- “Nurture human nature” by moving past the control-oriented concept of “rational economic man” to recognition of humans as interdependently embedded in responsive
- “Get savvy with systems” by moving away from failed economic models of mechanistic control and integrating instead the systems thinking that would enable humans to become successful stewards of ever-evolving dynamic
- “Design to distribute” by recognizing economic inequality as a design failure, not an economic necessity. Better economic designs would be better at distributing value throughout the system that generates
- “Create to regenerate” by recognizing that ecological degradation is the result of degenerative industrial Economic systems can be designed to be regenerative and circular, rather than linear (and, I would add, entropic).
- “Be agnostic about growth,” because the current mainstream addiction to a fantasy of unlimited growth is
While “rational economic man” is a creature of the Circular Flow Diagram, Raworth proposes a new image of humanity within a new model, the “Embedded Economy.” This model is based on a more accurate portrait of humans as social and reciprocating, fluid in values, interdependent, approximating rather than calculating, and embedded in a web of life.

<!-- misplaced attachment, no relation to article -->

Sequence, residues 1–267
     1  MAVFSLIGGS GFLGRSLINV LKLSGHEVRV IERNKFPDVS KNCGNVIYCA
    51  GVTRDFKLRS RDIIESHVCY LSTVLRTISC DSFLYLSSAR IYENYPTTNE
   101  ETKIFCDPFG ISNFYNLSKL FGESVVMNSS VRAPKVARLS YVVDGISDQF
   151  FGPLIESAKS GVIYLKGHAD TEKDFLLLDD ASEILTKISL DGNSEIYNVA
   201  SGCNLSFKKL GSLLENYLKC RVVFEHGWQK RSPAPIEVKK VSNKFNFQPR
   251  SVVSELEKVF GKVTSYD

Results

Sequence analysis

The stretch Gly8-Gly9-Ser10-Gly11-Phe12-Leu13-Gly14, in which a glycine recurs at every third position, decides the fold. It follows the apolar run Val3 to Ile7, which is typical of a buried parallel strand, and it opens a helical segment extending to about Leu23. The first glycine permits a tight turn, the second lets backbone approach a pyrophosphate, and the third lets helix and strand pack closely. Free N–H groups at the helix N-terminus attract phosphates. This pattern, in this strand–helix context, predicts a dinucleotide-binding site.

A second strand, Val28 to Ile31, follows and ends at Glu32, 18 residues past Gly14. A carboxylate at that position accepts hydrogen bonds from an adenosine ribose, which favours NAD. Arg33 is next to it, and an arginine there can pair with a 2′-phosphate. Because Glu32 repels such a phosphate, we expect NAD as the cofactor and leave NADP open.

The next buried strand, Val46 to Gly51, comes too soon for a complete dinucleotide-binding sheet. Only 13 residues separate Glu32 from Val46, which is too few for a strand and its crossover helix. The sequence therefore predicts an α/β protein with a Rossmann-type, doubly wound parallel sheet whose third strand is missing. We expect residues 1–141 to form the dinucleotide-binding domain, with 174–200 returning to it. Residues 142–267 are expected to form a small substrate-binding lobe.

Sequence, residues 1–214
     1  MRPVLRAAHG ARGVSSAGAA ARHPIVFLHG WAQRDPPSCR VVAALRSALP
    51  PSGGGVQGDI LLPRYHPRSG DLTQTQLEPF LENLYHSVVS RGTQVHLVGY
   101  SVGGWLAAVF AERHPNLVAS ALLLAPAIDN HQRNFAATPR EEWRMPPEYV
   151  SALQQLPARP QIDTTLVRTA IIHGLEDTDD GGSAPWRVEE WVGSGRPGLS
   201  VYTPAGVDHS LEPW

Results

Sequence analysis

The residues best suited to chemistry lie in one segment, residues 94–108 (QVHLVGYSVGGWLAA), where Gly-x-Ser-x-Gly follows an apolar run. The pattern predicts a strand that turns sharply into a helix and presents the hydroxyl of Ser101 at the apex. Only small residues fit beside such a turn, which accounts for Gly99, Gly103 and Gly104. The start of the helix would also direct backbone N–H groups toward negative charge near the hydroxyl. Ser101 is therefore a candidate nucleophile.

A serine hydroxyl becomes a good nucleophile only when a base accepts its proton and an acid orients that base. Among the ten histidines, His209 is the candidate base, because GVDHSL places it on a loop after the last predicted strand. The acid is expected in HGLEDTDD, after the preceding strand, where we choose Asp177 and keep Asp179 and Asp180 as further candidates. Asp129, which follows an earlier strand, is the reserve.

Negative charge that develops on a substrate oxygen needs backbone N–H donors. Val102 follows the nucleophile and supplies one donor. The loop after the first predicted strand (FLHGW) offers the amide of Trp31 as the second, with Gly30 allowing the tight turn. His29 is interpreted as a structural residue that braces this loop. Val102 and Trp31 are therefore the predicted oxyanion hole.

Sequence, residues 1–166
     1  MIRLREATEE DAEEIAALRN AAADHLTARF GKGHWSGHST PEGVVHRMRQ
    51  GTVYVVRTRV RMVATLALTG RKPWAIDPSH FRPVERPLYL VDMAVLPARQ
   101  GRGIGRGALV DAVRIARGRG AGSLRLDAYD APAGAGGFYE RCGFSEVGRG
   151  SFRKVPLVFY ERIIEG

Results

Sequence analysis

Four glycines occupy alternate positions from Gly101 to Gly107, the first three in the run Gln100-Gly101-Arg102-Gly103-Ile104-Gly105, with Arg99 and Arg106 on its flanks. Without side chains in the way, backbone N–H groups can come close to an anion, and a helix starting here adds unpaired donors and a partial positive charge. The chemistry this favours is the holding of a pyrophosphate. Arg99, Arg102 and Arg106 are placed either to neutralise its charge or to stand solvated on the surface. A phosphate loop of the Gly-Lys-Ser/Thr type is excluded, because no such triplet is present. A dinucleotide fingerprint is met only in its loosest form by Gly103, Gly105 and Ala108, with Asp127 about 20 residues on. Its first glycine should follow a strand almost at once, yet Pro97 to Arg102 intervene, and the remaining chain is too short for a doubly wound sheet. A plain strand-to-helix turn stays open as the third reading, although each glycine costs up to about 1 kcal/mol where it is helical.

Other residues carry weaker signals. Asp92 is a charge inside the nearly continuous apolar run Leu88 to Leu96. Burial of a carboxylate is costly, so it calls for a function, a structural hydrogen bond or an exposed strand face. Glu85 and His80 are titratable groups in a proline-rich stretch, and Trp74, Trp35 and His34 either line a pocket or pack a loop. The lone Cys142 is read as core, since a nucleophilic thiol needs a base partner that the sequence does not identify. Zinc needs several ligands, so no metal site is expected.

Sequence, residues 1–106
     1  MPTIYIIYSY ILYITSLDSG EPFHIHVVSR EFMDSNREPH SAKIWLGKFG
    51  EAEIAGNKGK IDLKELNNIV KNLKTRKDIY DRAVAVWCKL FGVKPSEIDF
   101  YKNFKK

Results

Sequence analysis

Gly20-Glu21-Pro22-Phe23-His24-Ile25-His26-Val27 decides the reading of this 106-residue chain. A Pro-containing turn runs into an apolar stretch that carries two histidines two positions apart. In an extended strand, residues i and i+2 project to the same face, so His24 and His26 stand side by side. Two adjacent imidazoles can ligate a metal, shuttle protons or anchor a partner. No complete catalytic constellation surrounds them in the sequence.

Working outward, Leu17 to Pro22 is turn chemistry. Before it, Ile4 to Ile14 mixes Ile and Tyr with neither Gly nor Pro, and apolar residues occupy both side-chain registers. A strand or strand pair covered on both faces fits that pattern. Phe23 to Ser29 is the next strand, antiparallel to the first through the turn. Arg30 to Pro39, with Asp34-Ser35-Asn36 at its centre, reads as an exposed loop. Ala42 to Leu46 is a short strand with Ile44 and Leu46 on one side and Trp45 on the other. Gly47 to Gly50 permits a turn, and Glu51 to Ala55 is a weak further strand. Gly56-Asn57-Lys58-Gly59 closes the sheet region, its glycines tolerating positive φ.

Systems Savvy and Dynamic Complexity
Raworth formulates her arguments, critiques, and practical approaches on the basis of systems thinking, a general term for multidisciplinary approaches to complex, interdependent and regenerative systems. She summarizes the arguments of Warren Weaver, Natural Sciences Director at the Rockefeller Foundation and an early adopter (1948) of complexity awareness:
At one extreme lie problems of simplicity, involving just one or two variables in linear causality—a rolling billiard ball, a falling apple, an orbiting planet—and Newton’s laws of classical mechanics do a great job of explaining these. At the other extreme, he wrote, are problems of disordered complexity involving the random movement of billions of variables—such as the motion of molecules in a gas—and these are best analysed using statistics and probability theory.
In between these two branches of science, however, lies a vast and fascinating realm: problems of organised complexity, which involve a sizeable number of variables that are ‘interrelated in an organic whole’ to create a complex but organised system. Weaver’s examples came close to asking the very questions that Newton’s apple failed to prompt.
Raworth identifies three key elements of systems thinking: stocks and flows, feedback loops, and delay. She characterizes stocks and flows as the “stuff” of any system, feedback loops as their connections, and delay as the key characteristic of expression of feedback in stocks and flows. Understanding delayed effects in multilevel complex systems is critical to human potential to work effectively within the ultimately closed system of the Earth: